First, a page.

CUNY profs call for halt to curriculum redo

The Faculty Senate of the City University of New York approved a resolution last week calling on Chancellor Matthew Goldstein to halt and review the implementation of Pathways, a new standardized curriculum designed to streamline transfers between CUNY’s junior and senior colleges.

The 63-to-3 vote, while not binding, is the strongest university-wide rebuke yet to the CUNY administration over Pathways, following similar calls from faculty governance bodies at Brooklyn College and the College Staten Island. Faculty at Baruch College and Bronx, La Guardia, Borough of Manhattan and Queensborough Community Colleges have also taken stands against Pathways, which would shorten course hours for general education classes.

Through Pathways, the CUNY administration aims to align courses between CUNY’s two-year community colleges and its four-year institutions, to make it easier for two-year students to transfer and complete their bachelor’s degrees. Beginning with the 2013 academic year, nearly all incoming students will be required to take 30 credits of a general education common core. Some courses are mandatory, like English composition and certain math classes, while the rest are flexible and arranged into categories like “World Cultures and Global Issues,” “U.S. Experience in Its Diversity” and “Scientific World.”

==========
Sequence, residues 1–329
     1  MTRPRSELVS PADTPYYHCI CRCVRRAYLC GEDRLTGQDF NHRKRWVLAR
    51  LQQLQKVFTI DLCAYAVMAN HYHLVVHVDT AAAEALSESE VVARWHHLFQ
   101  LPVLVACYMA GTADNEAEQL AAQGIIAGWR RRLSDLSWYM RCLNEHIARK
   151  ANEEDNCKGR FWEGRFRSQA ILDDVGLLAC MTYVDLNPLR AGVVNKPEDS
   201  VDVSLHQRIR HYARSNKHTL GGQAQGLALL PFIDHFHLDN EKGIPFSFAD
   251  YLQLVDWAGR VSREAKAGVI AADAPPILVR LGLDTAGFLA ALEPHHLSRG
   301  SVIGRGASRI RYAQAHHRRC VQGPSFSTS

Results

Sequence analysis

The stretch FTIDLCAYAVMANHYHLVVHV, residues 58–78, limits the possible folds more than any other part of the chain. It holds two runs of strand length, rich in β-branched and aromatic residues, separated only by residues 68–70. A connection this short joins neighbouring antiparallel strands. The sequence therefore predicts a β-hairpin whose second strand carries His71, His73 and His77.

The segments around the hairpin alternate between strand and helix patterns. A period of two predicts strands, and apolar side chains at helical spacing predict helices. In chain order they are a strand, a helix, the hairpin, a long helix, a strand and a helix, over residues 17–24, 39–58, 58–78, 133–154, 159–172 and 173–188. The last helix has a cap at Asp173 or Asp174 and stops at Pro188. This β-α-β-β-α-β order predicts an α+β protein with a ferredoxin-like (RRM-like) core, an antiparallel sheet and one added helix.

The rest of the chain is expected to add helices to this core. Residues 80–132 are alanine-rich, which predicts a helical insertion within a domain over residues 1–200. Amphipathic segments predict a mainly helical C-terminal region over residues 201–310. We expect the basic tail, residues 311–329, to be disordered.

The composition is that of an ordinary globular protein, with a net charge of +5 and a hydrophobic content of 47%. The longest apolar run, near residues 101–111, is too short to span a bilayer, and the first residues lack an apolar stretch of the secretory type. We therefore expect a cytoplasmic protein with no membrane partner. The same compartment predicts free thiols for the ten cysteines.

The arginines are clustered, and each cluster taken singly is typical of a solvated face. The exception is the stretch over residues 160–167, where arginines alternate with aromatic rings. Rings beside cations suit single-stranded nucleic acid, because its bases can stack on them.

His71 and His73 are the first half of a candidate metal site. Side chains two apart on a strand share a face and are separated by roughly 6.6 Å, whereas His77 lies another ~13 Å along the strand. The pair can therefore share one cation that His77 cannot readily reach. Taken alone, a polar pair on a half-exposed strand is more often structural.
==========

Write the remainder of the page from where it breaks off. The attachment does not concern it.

CUNY faculty protest curriculum changes earlier this year. Photo: Pat Arnow, arnow.org

But it’s the change to many three-credit, three-hour general education courses that has particularly rankled English faculty across the city who have long taught four-hour courses. Pathway’s critics argue that reducing in-class time by 25 percent will lead to diminished results for students, particularly at junior colleges that teach needier students.

“This will have a negative impact on the competitive ability of our students…they will not have as strong a general education as they currently do,” said Terrence Martell, Chair of the University Faculty Senate and a professor of business at Baruch College.

“If all of our students came from Stuyvesant, the Pathways proposals would bother me much, much less. But all of our kids aren’t from Stuyvesant. We’re fed from some good schools and some bad schools.”